I know that social structures have changed over the years and many children these days don’t have the ability to even pretend to be attentive in a difficult pure math class, much less to actually be engaged. It is not possible for schools to change this single-handedly. So they need to adapt their classes so that students are engaged and learning some things that will promote life success. However,….. not all children squirm in their seat, turn off, fight, and so on. My kids and many others want a real math class. They also want real Shakespeare and real poetry and real science. They don’t want these things casually dispensed with as ‘valueless.’ In a district this size it ought to be possible to maintain these classes with not much cost. These are the classes which are appropriate for my kids and many other kids as well.
    The schools are overstepping their bounds in making big decisions on behalf of my children and without my input about what has value in life. There needs to be more of a public conversation about these things, and some real consensus before schools just turn themselves completely upside down. For example, is it really a foregone conclusion that working amicably in groups all day has great value, but that individual achievement has none? Oops, I’m veering into a different facet of what things are objectionable in math education these days. Another day for that.

  2. Well, if I am going to be boxed into a concise definition, I have to mull it over for awhile to be sure I get it right.
    But I could say a few things related to that thought to grease the old brain cogs and get thinking about it.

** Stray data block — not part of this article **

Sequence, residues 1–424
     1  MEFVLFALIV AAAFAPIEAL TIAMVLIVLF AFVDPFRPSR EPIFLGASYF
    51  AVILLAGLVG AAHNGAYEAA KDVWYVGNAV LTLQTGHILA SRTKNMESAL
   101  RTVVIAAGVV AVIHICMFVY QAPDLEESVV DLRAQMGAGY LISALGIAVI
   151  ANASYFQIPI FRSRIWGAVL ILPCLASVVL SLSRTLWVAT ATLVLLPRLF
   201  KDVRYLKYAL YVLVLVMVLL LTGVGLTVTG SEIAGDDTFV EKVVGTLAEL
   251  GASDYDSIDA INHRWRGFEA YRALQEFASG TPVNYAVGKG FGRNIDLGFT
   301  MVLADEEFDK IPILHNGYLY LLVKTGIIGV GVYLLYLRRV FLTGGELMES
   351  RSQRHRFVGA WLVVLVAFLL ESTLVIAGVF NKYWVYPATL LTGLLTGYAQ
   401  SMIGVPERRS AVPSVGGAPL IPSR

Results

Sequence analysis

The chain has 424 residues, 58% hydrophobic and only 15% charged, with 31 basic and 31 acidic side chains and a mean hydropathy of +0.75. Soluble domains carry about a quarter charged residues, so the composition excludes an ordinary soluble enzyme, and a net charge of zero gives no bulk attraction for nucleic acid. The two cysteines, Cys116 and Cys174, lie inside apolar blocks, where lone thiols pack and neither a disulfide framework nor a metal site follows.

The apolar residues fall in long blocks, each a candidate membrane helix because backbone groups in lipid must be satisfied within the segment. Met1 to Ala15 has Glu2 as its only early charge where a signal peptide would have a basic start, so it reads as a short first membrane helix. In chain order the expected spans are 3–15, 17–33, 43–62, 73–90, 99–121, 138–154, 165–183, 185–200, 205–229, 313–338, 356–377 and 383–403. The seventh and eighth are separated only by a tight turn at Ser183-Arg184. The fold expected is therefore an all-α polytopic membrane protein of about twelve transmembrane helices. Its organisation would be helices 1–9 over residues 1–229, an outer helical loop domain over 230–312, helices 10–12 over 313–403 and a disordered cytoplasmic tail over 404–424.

In a chemistry class, one uses a lot of math. When balancing equations, working with molecular weights, looking at diameters of atoms. All the time you are using math. But if I took a chemistry book and covered up the title, you wouldn’t flip through it and mistake it for a math book. It is clearly a chemistry book. Most of the math you use is learned in advance and then turned to chemistry apps. It is similar in other sciences. You don’t think an astronomy book is a math book, or any other science book(possible exception- physics.)
    At the university, math and engineering are separate depts. and no one is confused about which dept. they should be in. It is possible for an engineering prof. to work on a project with a math prof, but they do have relatively clear domain boundaries. Engineering students use a lot of math in their classes, but much of that math is learned in required math classes.
    The point is, should math be taught as a stand alone course, or can students only appreciate it in some multidisciplinary real world context?
    One problem I see with this multidisciplinary approach is that it is difficult to focus hard on the basic math principles of the unit you are in and become well grounded in them when so much attention is turned to the design aspect of the problems. You don’t really see the general principles as they apply to many contexts as you do with a book that gives you lots of varied problems on a topic. You can’t make your way through very many of these projects in the allotted time. You have to learn about the design aspects and the math aspects simultaneously which is mightily confusing to some students. They may well walk away from a unit not knowing what are the important ideas they were supposed to learn in it. In fact, it is possible in many of these vaguely defined projects (seemingly deliberately so) to make one’s way through them while doing minimal math if one is so inclined, and especially in the group setting which is often used where one can lean on strong partners.